Home Movies Blade Runner 2049: No replicant of Ridley Scott’s original movie

Blade Runner 2049: No replicant of Ridley Scott’s original movie

SCRIPT: Released in 1982, Ridley Scott’s ‘Blade Runner’ had a huge influence on the sci-fi movie genre, quickly gaining cult status.

It introduced audiences to a dystopian future set in 2019, a world defined by corporate advertising, pollution, flying cars and androids called “replicants.”

35-years-later and director Dennis or “Denny” Villeneuve and Oscar-winning production designer Dennis Gassner had to create a manifestation of that world, for the sequel, ‘Blade Runner 2049’.

“I asked Denny, “is there a particular word that you can describe the film, y’know, in kind of an essence?” says Gassner at his home in West Hollywood. “And he thought about it and he says “Brutality”. And I said “Fantastic. OK that’s great.” Because that gave me a whole set of visuals right there.”

Back in 1981, Dennis Gassner was working for Zoetrope Studios with Francis Ford Coppola and Dean Tavoularis – Gassner was the production designer’s assistant.

They’d just made ‘One From The Heart’, a movie for which they recreated Las Vegas on sound stages; and Ridley Scott wanted to buy the neon used.

“He walked in the art department and I said “My names Dennis Gassner.” He says “My names Ridley Scott.” And I says “So you want to see some neon?” And he says “Yeah, lets go to the warehouse.” And we went down to this warehouse and I opened up the door and there was two and a half miles of neon. And he almost passed out. And he goes “How much can I have?” And I said “All of it. We’re finished with it.” And on the way back to the art department I said “What are you going to do?” and he says “Well, I’m going to make this little film called ‘Blade Runner.’” And I said “That sounds pretty cool.” And that was the first time I met Ridley.”

‘Blade Runner’ was shot in 1981 and set in a dystopian future of 2019, an era when visual effects were delivered in-computer, says Steven Poster, one of the photography team on the original film.

“It’s a different world today. We’re doing these things, we’re creating these things digitally. So you can actually do more. Go more into that dystopian world. At the beginning of the original ‘Blade Runner’, when you’re flying into the city, you’re flying over an actual miniature. It’s a physical thing that the camera is travelling over.”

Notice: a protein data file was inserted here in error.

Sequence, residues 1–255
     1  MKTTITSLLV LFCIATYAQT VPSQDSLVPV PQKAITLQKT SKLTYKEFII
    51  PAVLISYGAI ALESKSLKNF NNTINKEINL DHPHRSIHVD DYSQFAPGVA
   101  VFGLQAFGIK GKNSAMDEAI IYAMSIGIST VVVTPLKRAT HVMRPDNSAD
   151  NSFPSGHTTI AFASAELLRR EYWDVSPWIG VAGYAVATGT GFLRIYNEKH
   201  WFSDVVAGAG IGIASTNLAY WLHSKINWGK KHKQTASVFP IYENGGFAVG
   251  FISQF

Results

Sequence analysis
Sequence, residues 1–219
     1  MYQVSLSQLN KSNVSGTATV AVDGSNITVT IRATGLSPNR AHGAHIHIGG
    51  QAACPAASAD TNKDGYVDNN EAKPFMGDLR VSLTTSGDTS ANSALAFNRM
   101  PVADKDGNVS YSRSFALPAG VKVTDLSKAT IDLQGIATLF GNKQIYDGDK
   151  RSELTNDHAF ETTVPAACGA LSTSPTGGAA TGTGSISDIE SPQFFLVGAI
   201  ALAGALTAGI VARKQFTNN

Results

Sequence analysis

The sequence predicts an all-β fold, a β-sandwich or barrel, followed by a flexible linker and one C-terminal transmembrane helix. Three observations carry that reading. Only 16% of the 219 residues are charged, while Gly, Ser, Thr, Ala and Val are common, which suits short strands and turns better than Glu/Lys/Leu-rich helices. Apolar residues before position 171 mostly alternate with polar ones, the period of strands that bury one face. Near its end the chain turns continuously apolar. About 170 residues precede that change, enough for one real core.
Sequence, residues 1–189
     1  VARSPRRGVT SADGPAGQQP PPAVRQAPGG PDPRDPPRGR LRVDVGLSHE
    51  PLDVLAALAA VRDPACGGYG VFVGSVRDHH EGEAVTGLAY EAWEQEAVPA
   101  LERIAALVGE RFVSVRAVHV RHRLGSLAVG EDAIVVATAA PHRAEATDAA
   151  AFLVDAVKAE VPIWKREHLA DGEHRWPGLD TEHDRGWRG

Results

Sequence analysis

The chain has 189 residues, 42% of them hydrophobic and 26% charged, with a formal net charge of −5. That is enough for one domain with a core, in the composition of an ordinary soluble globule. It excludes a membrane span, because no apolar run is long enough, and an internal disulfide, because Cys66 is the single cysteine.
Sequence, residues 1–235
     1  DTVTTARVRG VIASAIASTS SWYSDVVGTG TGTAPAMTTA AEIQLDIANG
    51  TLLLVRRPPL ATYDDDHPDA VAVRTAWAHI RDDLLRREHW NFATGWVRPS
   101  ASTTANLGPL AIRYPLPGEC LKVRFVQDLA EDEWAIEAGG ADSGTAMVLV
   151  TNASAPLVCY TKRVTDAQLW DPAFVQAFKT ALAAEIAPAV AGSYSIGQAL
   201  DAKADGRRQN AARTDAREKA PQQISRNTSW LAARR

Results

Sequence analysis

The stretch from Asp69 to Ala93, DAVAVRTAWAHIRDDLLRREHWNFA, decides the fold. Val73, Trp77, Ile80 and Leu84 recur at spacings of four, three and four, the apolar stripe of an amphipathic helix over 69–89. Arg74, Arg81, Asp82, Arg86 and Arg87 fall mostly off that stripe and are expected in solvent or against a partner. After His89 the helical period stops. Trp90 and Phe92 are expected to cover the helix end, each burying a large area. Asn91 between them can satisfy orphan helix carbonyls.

The sequel to ‘Blade Runner’ was shot in 2016 and set in 2049.

By now the environment has become harsher and all of the architecture, as well as the weather, needed to reflect that, including the creation of a massive sea wall in Los Angeles to counter the effects of global warming and now global freezing.

“Santa Monica is now under water. And so is Long Beach gone, so that is why the sea wall is being built.” says Gassner on set, pointing to a map of a futuristic L.A. coastline.

Much like the original film, the sequel is a “stage set” film.

And in deciding on a location for the shoot, Executive producer Ridley Scott suggested looking at Budapest, where he’d previously shot ‘The Martian’.

“What I’ve created here is what I call “the wall”.” says Gassner pointing to pictures of scenes in ‘Blade Runner 2049’ decorating his office wall. “It’s the visual story of the narrative of the film. And it really starts in the upper right hand corner here and runs the top two rows, all the way around.”

Gassner says the design process, or manifestation of this new future began with the “Spinner”, the fictional flying vehicles from the first film.

“This is the first thing that we designed, here.” says Gassner pointing to a model of the “Spinner” on his desk. “Which is an amazing homage to the original but with the context of “brutality”. And each element of this film always goes back and draws on that as an example. From just out of a pure design sense of the angles and shapes and the feeling.”

Gassner says that Budapest physically had a lot to offer, such as long dormant power stations which acted as a trigger for other ideas.

“This is the way that Ridley works. In the original film you put up one thing and he looks at it and they say “that kind of works, but that gave me an idea for something else.””

A good example of Scott’s creativity on set is the closing scene in ‘Blade Runner’ where Batty’s on the roof with the giant rotating fans.

“That was a last minute design by Ridley” says Poster. “He took some foam board and cut it into strips, and took a grip stand, and put holes in the middle of them, and kind of made them into a fan shape, and before we started shooting the grips would come out and spin it by hand. There was no fancy equipment done with that. And it created this brilliant effect from nothing. And that was Ridley’s brilliance. He could invent that stuff on the spot.”

When it was released in 1982, ‘Blade Runner’ was praised for its unique postmodern production design.

And while the sequel could have been entirely driven by digital effects, filmmakers wanted it to feel like a natural progression from the first film— so rather than relying on effects, they just use them where needed.

Gassner says it’s the “ability to create bigger scale that will set the new film apart from the original movie. That its a bigger world, and now your able to see more of it.”

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